Ross Douthat argued the other day that Christmas is actually a difficult season for dedicated Christians:
In a sense, of course, there’s no better time to be a Christian than the first 25 days of December. But this is also the season when American Christians can feel most embattled. Their piety is overshadowed by materialist ticky-tack. Their great feast is compromised by Christmukkwanzaa multiculturalism. And the once-a-year churchgoers crowding the pews beside them are a reminder of how many Americans regard religion as just another form of midwinter entertainment, wedged in between “The Nutcracker” and “Miracle on 34th Street.”
These anxieties can be overdrawn, and they’re frequently turned to cynical purposes. (Think of the annual “war on Christmas” drumbeat, or last week’s complaints from Republican senators about the supposed “sacrilege” of keeping Congress in session through the holiday.) But they also reflect the peculiar and complicated status of Christian faith in American life. Depending on the angle you take, Christianity is either dominant or under siege, ubiquitous or marginal, the strongest religion in the country or a waning and increasingly archaic faith.
Matthew Yglesias sympathizes:
I don’t spend a lot of time agreeing with the Christian right about things, but the whining about the secularization of Christmas is a point I sympathize with. If Christmas were more properly religious, then I think people would have absolutely no trouble recognizing why a secular Jewish person might be not-so-excited about it. Then we could move on with our lives. But the transfiguration of Christmas into a largely secular observance has created a dynamic where lack of enthusiasm for the holiday presents itself as a character flaw—you’re a “grinch” who’s not participating in the “holiday fun” and “Christmas spirit”—in an awkward way. And yet to me no amount of tacky commercialization can really secularize a holiday that has “Christ” right in the name and that’s timed to commemorate the birth of Jesus.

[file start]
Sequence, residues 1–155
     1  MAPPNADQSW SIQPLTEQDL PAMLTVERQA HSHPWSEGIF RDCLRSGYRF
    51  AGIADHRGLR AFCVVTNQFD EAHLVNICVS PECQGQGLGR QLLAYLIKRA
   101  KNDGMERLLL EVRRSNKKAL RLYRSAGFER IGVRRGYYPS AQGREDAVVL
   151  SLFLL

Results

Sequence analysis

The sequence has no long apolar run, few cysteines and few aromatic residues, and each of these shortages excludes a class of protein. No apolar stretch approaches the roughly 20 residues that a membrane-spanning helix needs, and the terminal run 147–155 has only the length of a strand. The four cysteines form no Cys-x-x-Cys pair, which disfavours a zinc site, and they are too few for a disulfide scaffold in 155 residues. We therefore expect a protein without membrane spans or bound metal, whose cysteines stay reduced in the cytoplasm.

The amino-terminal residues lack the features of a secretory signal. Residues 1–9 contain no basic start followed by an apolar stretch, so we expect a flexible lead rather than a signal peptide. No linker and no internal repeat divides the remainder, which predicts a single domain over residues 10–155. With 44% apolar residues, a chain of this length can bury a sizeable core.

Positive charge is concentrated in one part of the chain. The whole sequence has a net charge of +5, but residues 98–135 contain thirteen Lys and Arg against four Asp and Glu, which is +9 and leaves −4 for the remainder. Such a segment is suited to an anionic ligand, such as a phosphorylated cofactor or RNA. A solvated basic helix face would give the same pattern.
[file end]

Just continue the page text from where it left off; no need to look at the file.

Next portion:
The problem is that religious/cultural conservatives want two things changed about the way our culture observes Christmas.
They want the holiday to be more religious ("Jesus is the reason for the season") and they want it to be observed more universally ("Christmas is our national holiday.") You can't do both.
Well, I mean, you can, if your premise is that this is a Christian country and everybody else is just allowed to live here. But that attitude is at odds with the pluralist character of the United States that, contra various religious right myths, goes back to its founding. So if you want Christmas to be totally pervasive, as many Christians desire, as opposed to merely almost-totally-pervasive, then its religiosity needs to be underplayed. Or if you want to return it to its role as a holiday about Jesus, then it has to be something other than "our national holiday."
Now, obviously, some religious conservatives don't mind if Christmas is secularized but object to people saying "Happy Holidays" in public, while others want the holiday to be more openly Christian but don't expect the entire culture to be subsumed in it. But the general tendency on the right is to demand both things, and there's the rub.